The first inhabitants of North America prepared all kinds of food from acorns. They collected and peeled fresh acorns, ground them well, put them in a tightly woven basket and kept them for a couple of days. From this flour they baked bread, cooked soups and prepared sweets.
There were similar recipes in Lithuania as well. Authentic memoirs mention that the women of Žaliakalnis and the entire city of Kaunas used acorn – the product that came about during the period of food shortage – which they roasted and then made the drink. The social project Owl Coffee initiated by three Kaunas residents – Jonas Oškinis, Jūratė Miliutienė and Monika Briedienė – serves Lithuanian acorn coffee during its events.
When we met at the Z. Kuzmickis branch of the Vincas Kudirka Library on Raseinių Street, where the advent workshop was held by the Owl Coffee, one of the main initiators of this project – Jūratė Miliutienė – said that the idea of the project was born after she moved to Žaliakalnis, “I became interested in the history of this area and I saw that Jonas Oškinis’ tours are taking place from time to time. That is where we got acquainted. After that we kept saying that something is missing here in Žaliakalnis because this part of town does not attract enough tourists. After some time, I heard about Philip Tulba’s consulting on social business. We needed three people, so I suggested Jonas and Monika to join me and work together. Monika and I met at the kindergarten in Žaliakalnis, where both our children attended, and it turned out that we had the same needs.”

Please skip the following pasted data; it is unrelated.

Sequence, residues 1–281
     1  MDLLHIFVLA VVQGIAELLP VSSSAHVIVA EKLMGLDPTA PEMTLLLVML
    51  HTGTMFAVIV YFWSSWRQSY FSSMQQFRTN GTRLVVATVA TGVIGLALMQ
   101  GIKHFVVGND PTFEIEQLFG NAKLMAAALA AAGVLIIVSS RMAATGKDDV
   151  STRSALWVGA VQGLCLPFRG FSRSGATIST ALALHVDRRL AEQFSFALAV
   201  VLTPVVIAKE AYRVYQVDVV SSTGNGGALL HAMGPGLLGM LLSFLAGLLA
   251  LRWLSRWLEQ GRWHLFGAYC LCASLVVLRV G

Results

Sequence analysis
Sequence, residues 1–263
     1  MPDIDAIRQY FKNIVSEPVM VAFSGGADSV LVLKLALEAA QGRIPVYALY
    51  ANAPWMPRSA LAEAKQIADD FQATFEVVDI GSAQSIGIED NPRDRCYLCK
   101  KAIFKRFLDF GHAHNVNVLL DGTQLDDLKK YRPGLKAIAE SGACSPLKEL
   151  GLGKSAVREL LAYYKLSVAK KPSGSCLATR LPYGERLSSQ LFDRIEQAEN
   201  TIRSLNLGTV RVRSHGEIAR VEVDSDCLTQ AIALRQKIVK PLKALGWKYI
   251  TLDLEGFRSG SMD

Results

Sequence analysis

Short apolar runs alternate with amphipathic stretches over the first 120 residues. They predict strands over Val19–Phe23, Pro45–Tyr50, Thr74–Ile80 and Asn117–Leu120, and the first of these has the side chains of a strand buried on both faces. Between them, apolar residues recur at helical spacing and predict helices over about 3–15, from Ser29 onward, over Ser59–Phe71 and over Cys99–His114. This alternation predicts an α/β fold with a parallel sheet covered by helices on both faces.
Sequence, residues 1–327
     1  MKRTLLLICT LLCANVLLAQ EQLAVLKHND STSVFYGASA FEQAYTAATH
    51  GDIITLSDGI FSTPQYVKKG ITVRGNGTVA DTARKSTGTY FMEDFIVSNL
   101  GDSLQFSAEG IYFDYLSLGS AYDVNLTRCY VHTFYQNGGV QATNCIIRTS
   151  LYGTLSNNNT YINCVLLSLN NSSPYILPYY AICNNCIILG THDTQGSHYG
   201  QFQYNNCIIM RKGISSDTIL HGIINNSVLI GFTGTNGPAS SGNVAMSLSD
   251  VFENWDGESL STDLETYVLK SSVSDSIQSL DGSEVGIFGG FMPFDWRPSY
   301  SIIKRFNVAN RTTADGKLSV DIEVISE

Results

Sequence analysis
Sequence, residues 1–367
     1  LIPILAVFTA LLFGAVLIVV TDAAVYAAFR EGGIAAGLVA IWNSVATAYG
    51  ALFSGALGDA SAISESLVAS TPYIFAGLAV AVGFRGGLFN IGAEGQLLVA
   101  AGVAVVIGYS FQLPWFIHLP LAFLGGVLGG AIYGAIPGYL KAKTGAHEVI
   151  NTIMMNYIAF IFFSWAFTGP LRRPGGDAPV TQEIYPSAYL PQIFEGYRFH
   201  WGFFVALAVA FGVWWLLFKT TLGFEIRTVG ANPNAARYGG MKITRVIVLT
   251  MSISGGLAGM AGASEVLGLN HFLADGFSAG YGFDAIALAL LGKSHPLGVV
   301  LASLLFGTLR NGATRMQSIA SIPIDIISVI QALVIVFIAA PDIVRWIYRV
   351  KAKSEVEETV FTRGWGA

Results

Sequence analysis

Today, the Owl Coffee community of acorn coffee table consists of Žaliakalnis residents, who are interested in their rich history and who, inspired by the atmosphere of the interwar period, sip on the acorn coffee and share news of cultural life, and sometimes go on excursions, visit various museums and exhibitions. According to Jonas, the tour guide, this type of initiative is necessary for the city and the residents of the district, “Various activities are quick to emerge in Žaliakalnis but they tend to quickly stop. Therefore, we would really like our community’s slogan to be about connecting people from different sectors. For example, the Sinagoga Studio space has recently been renovated in the area, where concerts of various genres of music are taking place more and more often. It would be very nice to cooperate with the studio. We want this kind of initiatives to find us and help that community grow – later we will certainly find activities for everyone.”